"Provocative... brings a unique blend of psychiatric insight and data analysis as well as some nifty philosophical insights into what people mean by concepts of risk, cost, and community to a problem that will no doubt persist even beyond our current presidency."Boston Globe
"Traveling through the American heartland, a physician deconstructs how right-wing policies have fatal consequences, even for the voters they purport to help. Metzl paints a blistering portrait of a subculture so in thrall to racist ideology that they willingly invite raising gun suicides, poor healthcare, and falling life expectancies."Esquire
"Groundbreaking.... Metzl methodically and adeptly marshals statistical evidence that policies promising to bolster white Americans' status have instead made life 'sicker, harder, and shorter' for all."Publishers Weekly (starred review)
"Remarkable...Through field interviews, research and public-health data, Metzl shows that whites are harming themselves along with everyone else, and in drastic ways...A weighty but smooth read, devoid of polemics or jargon."Minneapolis Star Tribune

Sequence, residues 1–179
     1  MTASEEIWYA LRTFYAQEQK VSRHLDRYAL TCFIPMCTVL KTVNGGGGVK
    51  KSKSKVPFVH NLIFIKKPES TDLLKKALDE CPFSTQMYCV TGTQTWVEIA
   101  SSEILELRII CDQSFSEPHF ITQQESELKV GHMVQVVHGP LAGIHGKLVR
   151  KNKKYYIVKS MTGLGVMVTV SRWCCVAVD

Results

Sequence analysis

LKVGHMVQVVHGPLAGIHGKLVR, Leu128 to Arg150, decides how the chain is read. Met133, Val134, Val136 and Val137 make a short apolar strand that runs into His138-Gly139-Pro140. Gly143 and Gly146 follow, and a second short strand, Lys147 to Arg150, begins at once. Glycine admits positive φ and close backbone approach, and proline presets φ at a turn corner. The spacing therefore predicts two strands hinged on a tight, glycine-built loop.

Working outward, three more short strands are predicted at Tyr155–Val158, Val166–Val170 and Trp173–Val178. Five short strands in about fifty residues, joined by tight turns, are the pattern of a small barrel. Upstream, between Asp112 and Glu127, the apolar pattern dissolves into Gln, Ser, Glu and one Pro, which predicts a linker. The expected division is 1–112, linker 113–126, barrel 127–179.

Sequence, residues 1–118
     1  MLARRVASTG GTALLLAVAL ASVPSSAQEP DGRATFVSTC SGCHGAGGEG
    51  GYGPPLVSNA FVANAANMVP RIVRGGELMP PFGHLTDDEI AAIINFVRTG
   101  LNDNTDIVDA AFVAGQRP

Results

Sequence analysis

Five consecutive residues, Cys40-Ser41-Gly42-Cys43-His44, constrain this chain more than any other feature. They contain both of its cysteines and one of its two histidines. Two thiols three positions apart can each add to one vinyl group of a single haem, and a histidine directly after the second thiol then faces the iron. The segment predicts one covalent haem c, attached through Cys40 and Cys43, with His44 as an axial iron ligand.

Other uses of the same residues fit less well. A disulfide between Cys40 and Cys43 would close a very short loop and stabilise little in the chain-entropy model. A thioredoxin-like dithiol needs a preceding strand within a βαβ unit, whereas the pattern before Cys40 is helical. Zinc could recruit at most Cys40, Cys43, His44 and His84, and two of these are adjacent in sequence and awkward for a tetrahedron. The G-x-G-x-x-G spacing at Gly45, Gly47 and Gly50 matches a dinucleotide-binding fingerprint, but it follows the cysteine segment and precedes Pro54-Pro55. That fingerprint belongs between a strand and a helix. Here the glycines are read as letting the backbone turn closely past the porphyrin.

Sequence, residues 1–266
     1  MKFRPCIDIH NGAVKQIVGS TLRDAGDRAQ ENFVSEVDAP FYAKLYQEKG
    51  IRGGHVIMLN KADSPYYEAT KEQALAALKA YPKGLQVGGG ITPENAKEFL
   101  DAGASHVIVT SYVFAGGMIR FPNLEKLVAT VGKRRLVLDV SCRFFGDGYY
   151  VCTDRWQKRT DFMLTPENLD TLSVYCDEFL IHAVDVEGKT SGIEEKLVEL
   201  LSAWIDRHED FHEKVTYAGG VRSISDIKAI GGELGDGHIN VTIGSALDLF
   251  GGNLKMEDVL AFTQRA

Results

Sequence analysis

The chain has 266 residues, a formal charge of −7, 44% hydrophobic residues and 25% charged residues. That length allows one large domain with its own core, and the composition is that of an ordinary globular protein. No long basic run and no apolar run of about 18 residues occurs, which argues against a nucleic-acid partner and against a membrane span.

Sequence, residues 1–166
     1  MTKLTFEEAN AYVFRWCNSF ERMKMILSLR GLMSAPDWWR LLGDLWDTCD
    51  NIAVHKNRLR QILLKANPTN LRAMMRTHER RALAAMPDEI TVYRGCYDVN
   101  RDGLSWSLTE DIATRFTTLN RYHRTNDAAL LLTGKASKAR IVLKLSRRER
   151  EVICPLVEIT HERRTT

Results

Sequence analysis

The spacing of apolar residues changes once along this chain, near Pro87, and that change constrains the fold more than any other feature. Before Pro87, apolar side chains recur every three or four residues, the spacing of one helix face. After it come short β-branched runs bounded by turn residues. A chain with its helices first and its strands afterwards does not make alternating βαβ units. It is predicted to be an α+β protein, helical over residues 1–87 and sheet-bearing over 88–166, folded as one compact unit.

"A provocative, instructive contribution to the literature of public health as well as of contemporary politics."Kirkus Reviews
"Here is the diagnosis, America, and it's not reassuring: failing health, falling graduation rates, guns everywhere. Our fantasies are driving us to an early grave, and Jonathan M. Metzl is lucid and careful and mercifully clinical in telling us exactly how this public health disaster came to be. Read it today: there's still time before the autopsy."Thomas Frank, author of What's the Matter With Kansas? and Listen, Liberal
"Dying of Whiteness unveils how the very policies marketed to white people as 'making America great again' end up harming the well-being of whites as a demographic group. This is must reading for anyone interested in understanding the current racial landscape of the United States."Jelani Cobb, Ira A. Lipman Professor of Journalism, Columbia Journalism School
"Copious data have long shown us the deadly effects of racist health policies on African Americans. But in Dying of
Whiteness, Jonathan M. Metzl powerfully shows us this coin's reverse: the deadly effects on white populations of contemporary policies promulgated by vengeful politicians to 'restore' an imaginary white superiority, and embraced by resentful, marginalized whites. Dying of Whiteness illuminates the dual devastation wrought by policies that limit access to care for the poor of every race."Harriet A. Washington, author of Medical Apartheid
"In his pathbreaking and provocative book, Jonathan